Research AreasPower and Status
Motivation and Goal Setting
Pamela K. Smith’s area of expertise is social power, particularly from a social cognition standpoint.
Her research focuses on power: the degree to which one person has more control over valued resources than another. Smith’s areas of interest are the effect of power on people’s thinking, motivation, and behavior, and the subtle signals and signs people use to determine how much power they and others have. This work is strongly influenced by her fundamental interest in nonconscious processes more generally. In particular, she studies how individuals’ sense of their own and others’ power affects even processes below the level of awareness. Her work highlights how the inherently social construct of power has a multitude of internal psychological effects. Thus, throughout her research Smith studies the interplay between interpersonal and intrapersonal phenomena.
Smith is also an associate editor for Social Psychological and Personality Science. She is currently on the editorial board of the European Journal of Social Psychology and has been a reviewer for Administrative Science Quarterly, Basic and Applied Social Psychology, British Journal of Social Psychology, Canadian Journal of Experimental Psychology, Cognition, Cognition and Emotion, Current Directions in Psychological Science, Emotion, Experimental Psychology, European Journal of Social Psychology, Frontiers in Human Neuroscience, Group Dynamics, Journal of Consumer Psychology, Journal of Experimental Psychology: Applied, Journal of Experimental Psychology: General, Journal of Experimental Social Psychology, Journal of Personality and Social Psychology, Motivation and Emotion, Personality and Social Psychology Bulletin, Personality and Social Psychology Review, Psychological Science, Social Cognition, Social Psychology, and Social Psychological and Personality Science.
Smith received her Ph.D. in social psychology from New York University in 2004. During her graduate work she was awarded the Society of Experimental Social Psychology Dissertation Award and the New York University Stuart Cook Award in Social Psychology. She was a postdoctoral researcher at the University of Amsterdam and an assistant professor at Leiden University and Radboud University Nijmegen in the Netherlands.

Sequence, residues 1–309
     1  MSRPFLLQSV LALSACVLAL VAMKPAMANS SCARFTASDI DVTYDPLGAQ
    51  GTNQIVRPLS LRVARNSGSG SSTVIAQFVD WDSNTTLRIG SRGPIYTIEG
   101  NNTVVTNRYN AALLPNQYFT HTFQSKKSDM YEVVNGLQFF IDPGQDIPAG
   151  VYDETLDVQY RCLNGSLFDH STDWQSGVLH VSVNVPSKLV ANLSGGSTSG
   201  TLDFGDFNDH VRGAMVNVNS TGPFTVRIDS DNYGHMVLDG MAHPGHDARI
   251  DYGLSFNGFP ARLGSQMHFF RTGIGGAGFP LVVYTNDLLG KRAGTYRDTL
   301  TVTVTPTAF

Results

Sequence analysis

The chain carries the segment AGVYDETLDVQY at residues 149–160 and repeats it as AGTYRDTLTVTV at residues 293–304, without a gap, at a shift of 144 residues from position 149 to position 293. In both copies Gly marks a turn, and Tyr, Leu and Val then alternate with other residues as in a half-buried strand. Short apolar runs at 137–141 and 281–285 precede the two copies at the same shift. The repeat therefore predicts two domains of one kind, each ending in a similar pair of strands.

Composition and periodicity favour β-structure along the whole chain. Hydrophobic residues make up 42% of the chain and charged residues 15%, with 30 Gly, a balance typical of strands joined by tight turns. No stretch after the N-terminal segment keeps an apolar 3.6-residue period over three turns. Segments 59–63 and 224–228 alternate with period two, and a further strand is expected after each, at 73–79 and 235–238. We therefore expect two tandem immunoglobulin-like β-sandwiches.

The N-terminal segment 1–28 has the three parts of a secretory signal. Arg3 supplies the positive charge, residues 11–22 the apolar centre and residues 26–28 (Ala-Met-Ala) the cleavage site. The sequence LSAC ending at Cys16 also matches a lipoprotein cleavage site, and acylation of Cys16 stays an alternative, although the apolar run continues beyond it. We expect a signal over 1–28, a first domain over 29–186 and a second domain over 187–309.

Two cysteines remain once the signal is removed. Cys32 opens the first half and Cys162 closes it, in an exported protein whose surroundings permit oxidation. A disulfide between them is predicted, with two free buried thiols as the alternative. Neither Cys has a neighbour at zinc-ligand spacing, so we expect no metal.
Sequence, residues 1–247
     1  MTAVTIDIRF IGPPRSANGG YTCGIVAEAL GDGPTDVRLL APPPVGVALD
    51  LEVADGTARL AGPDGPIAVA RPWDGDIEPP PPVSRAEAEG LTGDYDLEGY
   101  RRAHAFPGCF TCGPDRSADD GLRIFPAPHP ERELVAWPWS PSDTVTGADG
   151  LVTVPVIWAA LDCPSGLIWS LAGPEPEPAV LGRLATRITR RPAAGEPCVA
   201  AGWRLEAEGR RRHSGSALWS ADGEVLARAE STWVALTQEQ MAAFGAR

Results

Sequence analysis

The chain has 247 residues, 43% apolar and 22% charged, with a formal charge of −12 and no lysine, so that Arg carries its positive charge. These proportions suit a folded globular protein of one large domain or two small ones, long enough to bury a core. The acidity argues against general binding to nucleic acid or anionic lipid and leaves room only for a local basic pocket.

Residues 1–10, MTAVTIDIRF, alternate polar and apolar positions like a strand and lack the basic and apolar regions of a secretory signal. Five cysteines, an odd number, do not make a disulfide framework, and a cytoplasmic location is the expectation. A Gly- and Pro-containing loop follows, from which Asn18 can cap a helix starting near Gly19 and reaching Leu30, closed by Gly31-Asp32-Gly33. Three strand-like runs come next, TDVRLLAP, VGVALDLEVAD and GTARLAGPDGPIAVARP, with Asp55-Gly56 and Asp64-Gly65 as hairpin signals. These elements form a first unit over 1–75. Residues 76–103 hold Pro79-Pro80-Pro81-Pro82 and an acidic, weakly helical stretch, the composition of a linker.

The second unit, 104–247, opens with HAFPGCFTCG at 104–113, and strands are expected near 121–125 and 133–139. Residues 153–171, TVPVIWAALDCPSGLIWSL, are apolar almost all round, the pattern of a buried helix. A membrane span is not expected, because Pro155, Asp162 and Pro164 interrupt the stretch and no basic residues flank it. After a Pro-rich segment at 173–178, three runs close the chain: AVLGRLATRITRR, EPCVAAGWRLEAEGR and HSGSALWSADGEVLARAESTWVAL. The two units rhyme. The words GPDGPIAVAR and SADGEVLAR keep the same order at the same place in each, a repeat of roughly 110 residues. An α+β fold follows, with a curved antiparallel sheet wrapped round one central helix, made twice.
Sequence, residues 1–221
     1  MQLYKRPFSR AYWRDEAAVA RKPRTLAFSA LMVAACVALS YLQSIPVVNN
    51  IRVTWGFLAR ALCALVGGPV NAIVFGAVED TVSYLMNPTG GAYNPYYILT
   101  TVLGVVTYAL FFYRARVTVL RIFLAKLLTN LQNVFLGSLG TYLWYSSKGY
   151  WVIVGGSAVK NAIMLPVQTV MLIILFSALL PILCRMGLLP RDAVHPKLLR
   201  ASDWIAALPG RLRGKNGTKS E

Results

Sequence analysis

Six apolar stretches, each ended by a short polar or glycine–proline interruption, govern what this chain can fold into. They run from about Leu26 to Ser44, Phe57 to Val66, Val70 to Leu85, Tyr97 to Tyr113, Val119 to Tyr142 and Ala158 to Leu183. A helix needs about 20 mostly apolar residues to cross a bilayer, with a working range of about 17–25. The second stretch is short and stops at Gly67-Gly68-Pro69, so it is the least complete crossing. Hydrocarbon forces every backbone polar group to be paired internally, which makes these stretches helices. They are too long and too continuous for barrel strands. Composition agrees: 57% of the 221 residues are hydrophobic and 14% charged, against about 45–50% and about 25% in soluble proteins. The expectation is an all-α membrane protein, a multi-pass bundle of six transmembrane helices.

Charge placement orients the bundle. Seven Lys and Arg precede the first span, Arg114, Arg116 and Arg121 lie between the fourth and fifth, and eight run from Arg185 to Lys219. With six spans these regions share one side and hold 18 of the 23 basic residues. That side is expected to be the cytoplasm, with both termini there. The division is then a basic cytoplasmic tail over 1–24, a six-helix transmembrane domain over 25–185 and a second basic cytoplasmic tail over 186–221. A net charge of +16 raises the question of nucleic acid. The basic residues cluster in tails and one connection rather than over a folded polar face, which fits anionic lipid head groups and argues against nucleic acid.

Kunstman, J. W., Fitzpatrick, C., & Smith, P. K. (in press). Poisoned praise: Discounted praise backfires and undermines subordinate impressions in the minds of the powerful. Social Phsychological and Personality Science.
Johnson, C.S., Smith, P. K., & Wang, C. (2017). Sage on the stage: Women's representation at an academic conference. Personallity and Scocial Psychology Bulletin, 43, 493-507.
Smith, P. K., & Hofmann, W. (2016). Power in everyday life. Proceedings of the National Academy of Sciences, 113, 10043-10048
Wakslak, C.J., Smith, P. K., & Han, A. (2014). Using abstract language signals power. Journal of Personality and Scoial Psychology, 107, 42-55.
Magee, J. C., & Smith, P. K. (2013). The social distance theory of power. Personality and Social Psychology Review, 17, 158-186.
Karremans, J. C., & Smith, P. K., (2010). having the power to forgive: When the experience of power increases interpersonal forgiveness. Personality and Social Psychology Bulletin, 36, 1010-1023.
Smith, P. K., Jostmann, N. B., Galinsky, A. D., & van Dijk, W. (2008). Lacking power impairs executive functions. Psychological Science, 19, 441-447.
Smith, P. K., Wigboldus, D. H. J., & Dijksterhuis, A. (2008). Abstract thinking increases one's sense of power. Journal of Experimental Social Psychology, 44, 378-385.
Smith, P. K., & Trope, Y. (2006). You focus on the forest when you're in charge of the trees: Power priming and abstract information processing. Journal of Personality and Social Psychology, 90, 578-596.